Seasonal storage: alternatives to the alternative

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New insights published by DNV GL note important roles for pumped hydro and heat storage on European grids over the next 30 years. In an addendum to a report on seasonal storage published earlier this year, the consultancy notes that varied approaches will be essential to managing the massive 1.4 TW of wind and solar it expects to see on European grids by 2050.

The original report, “The promise of seasonal storage”, stated that “compressed hydrogen is the first viable option for seasonal storage.” The addendum published today stands by this conclusion, but adds that other technologies directly and indirectly related to seasonal storage should not be discounted.

DNV GL  noted that since publishing the report in March, it had received a lot of comments criticizing the absence of other technologies, in particular heat storage and pumped hydro, and said that it wished to clarify its position.

The case study from the original report, says DNV GL, took an isolated grid without hydropower capacity as an example to amplify the effects of high variable renewables penetration. It notes that on most actual European grids, other factors would serve to mitigate the intermittency of wind and solar and reduce the need for seasonal storage.

Pumped hydro

DNV GL expects to see 191 GW of hydropower capacity operating on European grids in 2050, which will create opportunities for pumped hydro storage to help balance the 891 GW of solar and 498 GW of onshore and offshore wind that it also forecasts for the 2050 European energy mix.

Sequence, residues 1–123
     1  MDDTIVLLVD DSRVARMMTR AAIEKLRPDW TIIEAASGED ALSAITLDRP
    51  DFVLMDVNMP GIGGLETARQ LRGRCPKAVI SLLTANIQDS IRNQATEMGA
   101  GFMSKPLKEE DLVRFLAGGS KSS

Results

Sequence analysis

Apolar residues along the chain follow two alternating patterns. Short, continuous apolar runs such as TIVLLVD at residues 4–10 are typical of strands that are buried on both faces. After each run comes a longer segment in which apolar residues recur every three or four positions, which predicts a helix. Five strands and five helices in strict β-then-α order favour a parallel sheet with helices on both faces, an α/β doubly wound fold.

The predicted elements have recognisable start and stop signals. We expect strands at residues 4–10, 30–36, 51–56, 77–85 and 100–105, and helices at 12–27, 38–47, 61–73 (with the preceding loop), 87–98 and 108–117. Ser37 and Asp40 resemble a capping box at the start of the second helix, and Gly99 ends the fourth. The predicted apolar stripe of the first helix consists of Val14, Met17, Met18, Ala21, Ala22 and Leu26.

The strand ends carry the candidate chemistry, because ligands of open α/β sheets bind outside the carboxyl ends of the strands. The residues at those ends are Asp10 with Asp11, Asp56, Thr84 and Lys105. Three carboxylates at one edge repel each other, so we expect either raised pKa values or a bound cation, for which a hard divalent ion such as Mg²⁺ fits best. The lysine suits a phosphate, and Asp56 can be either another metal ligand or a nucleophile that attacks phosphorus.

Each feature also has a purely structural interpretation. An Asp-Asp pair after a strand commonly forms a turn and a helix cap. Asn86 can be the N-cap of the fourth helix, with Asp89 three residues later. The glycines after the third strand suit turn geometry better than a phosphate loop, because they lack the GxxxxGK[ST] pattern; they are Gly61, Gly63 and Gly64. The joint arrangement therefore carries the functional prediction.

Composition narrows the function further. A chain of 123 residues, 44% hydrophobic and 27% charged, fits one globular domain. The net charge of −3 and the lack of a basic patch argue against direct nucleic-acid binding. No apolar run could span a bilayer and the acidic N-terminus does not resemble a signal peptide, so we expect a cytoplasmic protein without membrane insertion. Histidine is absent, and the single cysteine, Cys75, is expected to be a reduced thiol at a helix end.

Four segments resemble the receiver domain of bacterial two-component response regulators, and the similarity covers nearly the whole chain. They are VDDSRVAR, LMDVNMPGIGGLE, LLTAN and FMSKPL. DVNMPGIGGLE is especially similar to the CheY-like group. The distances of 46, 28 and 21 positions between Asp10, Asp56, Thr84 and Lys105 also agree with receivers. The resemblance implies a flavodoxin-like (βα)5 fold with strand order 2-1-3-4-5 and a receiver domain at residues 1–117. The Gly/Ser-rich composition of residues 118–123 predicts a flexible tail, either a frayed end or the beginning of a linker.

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But much of the available pumped hydro capacity will also be needed for short term storage, and the opportunity is limited. “Even with a constant electricity demand, this would require significant (seasonal) storage capacity, well above the available hydropower capacity,” says DNV GL. “Especially since we expect that only part of this capacity can be used for seasonal electricity storage.”

Heat storage

DNV GL’s research is focused on electricity storage, and it has not examined the effect that seasonal heat storage might have on overall electricity demand. However, it notes that “seasonal storage of heat will impact the seasonal demand of electricity and indirectly decrease the burden of seasonality on the electricity grid.”

And though the effects of these alternate technologies should not be discounted when modeling future electric grids, DNV GL maintains that hydrogen will be needed to balance variable renewables, particularly in regions like Europe where there are major seasonal differences in solar and wind resources.

“Options like hydropower and seasonal heat storage are certainly viable, and all existing flexible resources should be utilized in the best possible way,” DNV GL states. “By 2050, however, we need additional options to accommodate seasonal electricity load swings and storage based on hydrogen seems to become a highly competitive new option.”